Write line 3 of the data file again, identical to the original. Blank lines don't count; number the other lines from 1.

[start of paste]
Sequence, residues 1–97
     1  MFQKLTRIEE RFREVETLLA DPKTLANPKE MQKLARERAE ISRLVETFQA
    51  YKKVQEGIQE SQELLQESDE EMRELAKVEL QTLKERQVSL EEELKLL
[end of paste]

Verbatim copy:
    51  YKKVQEGIQE SQELLQESDE EMRELAKVEL QTLKERQVSL EEELKLL